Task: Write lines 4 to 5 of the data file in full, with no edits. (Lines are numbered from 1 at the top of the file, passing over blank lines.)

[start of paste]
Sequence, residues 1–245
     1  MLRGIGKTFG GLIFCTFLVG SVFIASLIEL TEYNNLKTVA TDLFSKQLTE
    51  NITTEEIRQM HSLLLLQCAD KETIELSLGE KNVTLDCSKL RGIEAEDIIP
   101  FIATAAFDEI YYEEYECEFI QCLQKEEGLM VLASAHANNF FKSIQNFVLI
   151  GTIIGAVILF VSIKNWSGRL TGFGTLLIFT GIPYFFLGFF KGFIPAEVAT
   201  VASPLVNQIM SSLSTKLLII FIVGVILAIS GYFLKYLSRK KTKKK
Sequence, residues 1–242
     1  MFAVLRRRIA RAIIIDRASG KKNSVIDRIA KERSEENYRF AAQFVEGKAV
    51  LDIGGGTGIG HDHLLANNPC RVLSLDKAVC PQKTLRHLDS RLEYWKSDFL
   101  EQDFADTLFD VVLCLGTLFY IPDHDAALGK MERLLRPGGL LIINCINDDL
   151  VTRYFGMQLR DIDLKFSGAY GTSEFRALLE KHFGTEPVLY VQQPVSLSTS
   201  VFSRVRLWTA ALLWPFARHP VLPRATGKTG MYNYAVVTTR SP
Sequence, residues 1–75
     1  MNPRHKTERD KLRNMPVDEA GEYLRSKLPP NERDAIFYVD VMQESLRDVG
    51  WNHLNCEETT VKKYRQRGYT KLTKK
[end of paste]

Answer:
   101  FIATAAFDEI YYEEYECEFI QCLQKEEGLM VLASAHANNF FKSIQNFVLI
   151  GTIIGAVILF VSIKNWSGRL TGFGTLLIFT GIPYFFLGFF KGFIPAEVAT